Raikes School-born Vestn aims to add ‘portable value’ to education
Phil Baylog (from left), Conner Dana and Brian Cary have raised $100,000 for Vestn, the first undergraduate student-led project chosen for the Raikes School Design Studio.
The idea for Vestn — a "tool for providing portable value in education, personal development, and personal marketing" — started with co-founder Conner Dana's search for some help with a college class project.
As a junior at the University of Nebraska-Lincoln in early 2011, he figured he could find a fellow student to do some graphic design by asking friends and networking across campus. He was surprised that it took him three weeks to connect with someone who lived right down the hall.
By last summer, he and co-founders Phil Baylog and Brian Cary (both then students in the Raikes School of Computer Science and Management) pitched Dr. David Keck, the Raikes School's executive director, to let Vestn become the first undergraduate student-led project for its Design Studio.
"He took a risk on us," said Dana, 23, who graduated in May with a degree in business management and marketing.
"But he saw what it could turn into," said Cary, 22, who is finishing his degree in computer engineering. "If we let students run their own projects, we could turn into this cool entrepreneurial program."
Keck agreed that the Raikes School wants "to support entrepreneurship and economic development on one level, but we also know that we’d like to, more and more, build the education around activities and projects that the students are engaged in and passionate about."
He also said the school was careful about taking project sponsorship funds from a Design Studio sponsor that is less than established and that might not be able to bear the risk of a student-produced project. Before giving the go-ahead, he asked the co-founders to contact some sales prospects around Lincoln to vet the idea.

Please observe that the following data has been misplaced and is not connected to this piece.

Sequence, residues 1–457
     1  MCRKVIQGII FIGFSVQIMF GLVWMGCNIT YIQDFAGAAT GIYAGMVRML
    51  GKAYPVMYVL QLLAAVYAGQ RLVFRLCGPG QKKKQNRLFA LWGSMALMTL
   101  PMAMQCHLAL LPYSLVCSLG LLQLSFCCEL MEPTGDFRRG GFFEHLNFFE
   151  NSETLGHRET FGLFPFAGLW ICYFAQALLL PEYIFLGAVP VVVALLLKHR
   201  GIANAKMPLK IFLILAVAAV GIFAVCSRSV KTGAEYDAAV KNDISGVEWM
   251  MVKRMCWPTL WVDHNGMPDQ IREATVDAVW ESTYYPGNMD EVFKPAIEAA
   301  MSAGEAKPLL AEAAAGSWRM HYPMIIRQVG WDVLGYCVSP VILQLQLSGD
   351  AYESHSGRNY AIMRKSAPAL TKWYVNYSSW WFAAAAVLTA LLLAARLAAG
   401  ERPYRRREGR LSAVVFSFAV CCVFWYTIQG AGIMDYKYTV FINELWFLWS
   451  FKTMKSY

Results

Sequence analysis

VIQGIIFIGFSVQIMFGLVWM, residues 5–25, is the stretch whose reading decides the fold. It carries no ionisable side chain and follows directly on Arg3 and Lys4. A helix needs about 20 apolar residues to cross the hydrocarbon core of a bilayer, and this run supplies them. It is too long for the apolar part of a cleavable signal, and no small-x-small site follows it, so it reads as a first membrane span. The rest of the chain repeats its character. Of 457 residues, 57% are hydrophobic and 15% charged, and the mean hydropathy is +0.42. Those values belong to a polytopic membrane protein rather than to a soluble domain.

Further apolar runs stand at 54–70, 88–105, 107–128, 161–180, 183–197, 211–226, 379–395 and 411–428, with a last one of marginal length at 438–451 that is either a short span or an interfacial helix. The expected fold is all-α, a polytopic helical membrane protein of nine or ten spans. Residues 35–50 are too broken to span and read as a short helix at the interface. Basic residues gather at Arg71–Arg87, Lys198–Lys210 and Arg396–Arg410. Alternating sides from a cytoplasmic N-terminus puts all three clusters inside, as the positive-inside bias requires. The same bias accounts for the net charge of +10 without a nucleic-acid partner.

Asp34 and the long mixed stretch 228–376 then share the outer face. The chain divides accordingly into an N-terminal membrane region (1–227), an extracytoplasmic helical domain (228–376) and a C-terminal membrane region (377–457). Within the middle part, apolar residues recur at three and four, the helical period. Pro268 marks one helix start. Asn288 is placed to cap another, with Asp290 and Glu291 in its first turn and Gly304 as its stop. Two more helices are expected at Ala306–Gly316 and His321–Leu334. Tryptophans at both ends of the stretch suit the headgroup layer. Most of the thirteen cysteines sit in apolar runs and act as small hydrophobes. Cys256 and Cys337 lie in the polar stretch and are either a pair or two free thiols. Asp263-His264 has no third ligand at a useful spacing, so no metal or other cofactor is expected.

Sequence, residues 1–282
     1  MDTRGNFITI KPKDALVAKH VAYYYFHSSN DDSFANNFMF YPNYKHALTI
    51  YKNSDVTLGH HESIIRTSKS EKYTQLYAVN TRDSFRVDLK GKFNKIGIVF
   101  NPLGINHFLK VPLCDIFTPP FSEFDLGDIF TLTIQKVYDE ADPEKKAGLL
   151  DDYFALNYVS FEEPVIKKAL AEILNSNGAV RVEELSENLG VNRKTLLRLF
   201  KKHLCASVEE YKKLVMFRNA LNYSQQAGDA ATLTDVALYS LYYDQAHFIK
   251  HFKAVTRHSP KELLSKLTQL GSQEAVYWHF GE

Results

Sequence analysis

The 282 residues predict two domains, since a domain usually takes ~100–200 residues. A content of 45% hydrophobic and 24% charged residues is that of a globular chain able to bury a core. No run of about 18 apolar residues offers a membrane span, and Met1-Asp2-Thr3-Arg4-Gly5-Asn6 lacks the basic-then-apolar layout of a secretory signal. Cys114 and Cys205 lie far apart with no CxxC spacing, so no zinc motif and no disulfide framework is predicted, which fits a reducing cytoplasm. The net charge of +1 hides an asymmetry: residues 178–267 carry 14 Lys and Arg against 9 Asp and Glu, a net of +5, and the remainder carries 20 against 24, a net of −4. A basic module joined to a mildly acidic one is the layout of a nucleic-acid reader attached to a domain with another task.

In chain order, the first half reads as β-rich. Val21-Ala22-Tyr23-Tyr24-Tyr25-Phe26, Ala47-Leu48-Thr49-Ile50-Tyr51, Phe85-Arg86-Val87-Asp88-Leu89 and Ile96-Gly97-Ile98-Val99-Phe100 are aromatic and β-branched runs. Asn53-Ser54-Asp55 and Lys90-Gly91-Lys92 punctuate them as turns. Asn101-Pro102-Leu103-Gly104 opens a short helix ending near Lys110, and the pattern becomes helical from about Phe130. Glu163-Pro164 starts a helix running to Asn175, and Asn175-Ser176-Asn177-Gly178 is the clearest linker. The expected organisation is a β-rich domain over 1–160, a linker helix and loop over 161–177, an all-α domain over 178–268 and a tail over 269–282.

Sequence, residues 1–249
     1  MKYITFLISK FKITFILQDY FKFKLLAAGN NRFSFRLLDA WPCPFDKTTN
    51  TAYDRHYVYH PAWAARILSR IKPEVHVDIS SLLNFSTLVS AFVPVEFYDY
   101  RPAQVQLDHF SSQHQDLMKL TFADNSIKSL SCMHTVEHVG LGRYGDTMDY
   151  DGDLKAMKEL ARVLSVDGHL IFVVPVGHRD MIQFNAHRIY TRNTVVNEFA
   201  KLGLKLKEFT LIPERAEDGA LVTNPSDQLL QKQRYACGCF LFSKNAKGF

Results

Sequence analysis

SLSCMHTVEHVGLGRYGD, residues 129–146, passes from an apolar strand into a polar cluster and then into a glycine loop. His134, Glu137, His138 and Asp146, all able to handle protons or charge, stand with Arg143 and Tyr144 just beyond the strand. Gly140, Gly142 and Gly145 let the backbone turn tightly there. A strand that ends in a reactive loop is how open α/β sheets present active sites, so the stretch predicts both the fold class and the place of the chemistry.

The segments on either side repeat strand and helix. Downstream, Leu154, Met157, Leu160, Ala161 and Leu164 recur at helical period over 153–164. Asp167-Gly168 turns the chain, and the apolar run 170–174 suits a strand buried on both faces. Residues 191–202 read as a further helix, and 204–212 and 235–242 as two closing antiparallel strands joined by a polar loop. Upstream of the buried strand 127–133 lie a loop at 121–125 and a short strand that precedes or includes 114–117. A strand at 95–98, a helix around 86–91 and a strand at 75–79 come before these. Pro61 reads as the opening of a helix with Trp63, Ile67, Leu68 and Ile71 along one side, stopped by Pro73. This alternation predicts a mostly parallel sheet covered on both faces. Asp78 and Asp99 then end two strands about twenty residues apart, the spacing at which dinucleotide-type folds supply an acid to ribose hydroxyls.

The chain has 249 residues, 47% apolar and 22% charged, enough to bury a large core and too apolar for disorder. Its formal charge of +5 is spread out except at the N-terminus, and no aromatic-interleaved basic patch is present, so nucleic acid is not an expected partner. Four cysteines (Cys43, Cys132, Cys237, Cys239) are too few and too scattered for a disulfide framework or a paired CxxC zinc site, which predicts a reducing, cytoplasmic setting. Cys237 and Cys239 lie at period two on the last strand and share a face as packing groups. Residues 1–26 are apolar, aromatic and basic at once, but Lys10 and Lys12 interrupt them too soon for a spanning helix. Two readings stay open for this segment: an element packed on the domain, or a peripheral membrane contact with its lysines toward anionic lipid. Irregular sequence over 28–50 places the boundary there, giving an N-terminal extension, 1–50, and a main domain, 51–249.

Cary and Baylog led the Design Studio team, with Dana acting as the client. As a whole, they said, the team took on extra ownership of the project, going beyond programming to perform market analysis, design features, and talk to potential clients.
As an alternative to the traditional résumé, Vestn allows users to upload any type of media to a profile.
Version one of Vestn launched in January, and version two is scheduled for release this summer, with more app-like, intuitive design. In between, the co-founders pivoted from a human resources platform focused on serving employer-clients to a product that allows schools to add value to their students' education.
They realized, "'wow,' it's kind of hard to get companies on and people on from both ends without really promising anything from either end," said Baylog, 22, who graduated in May with a degree in actuarial science. "It has to start somewhere."
In its current form, Vestn aims to provide users more to show for their education than just a paper résumé. Vestn is designed to enable students to visually document their experience. It aims to help employers find employees with the skills they need. And it strives to help universities to advise students about how to round out their education with classes or internships, to market their students and graduates, and to maintain alumni engagement.
Universities and alumni associations can sign up and offer Vestn to their networks for a free or reduced fee, or anyone can join for a small fee.
With $100,000 in private investment, all three co-founders are pursuing Vestn full-time, have hired two of their Design Studio team members, and are expecting their first sales this summer.
“I think that the commercial viability looks really good," said Keck, "but most importantly for us, at least in phase one, is that we felt that we added lots of value and gave them the opportunity to go to market with a good product.”
Credits: Photo and screenshot courtesy of Dana.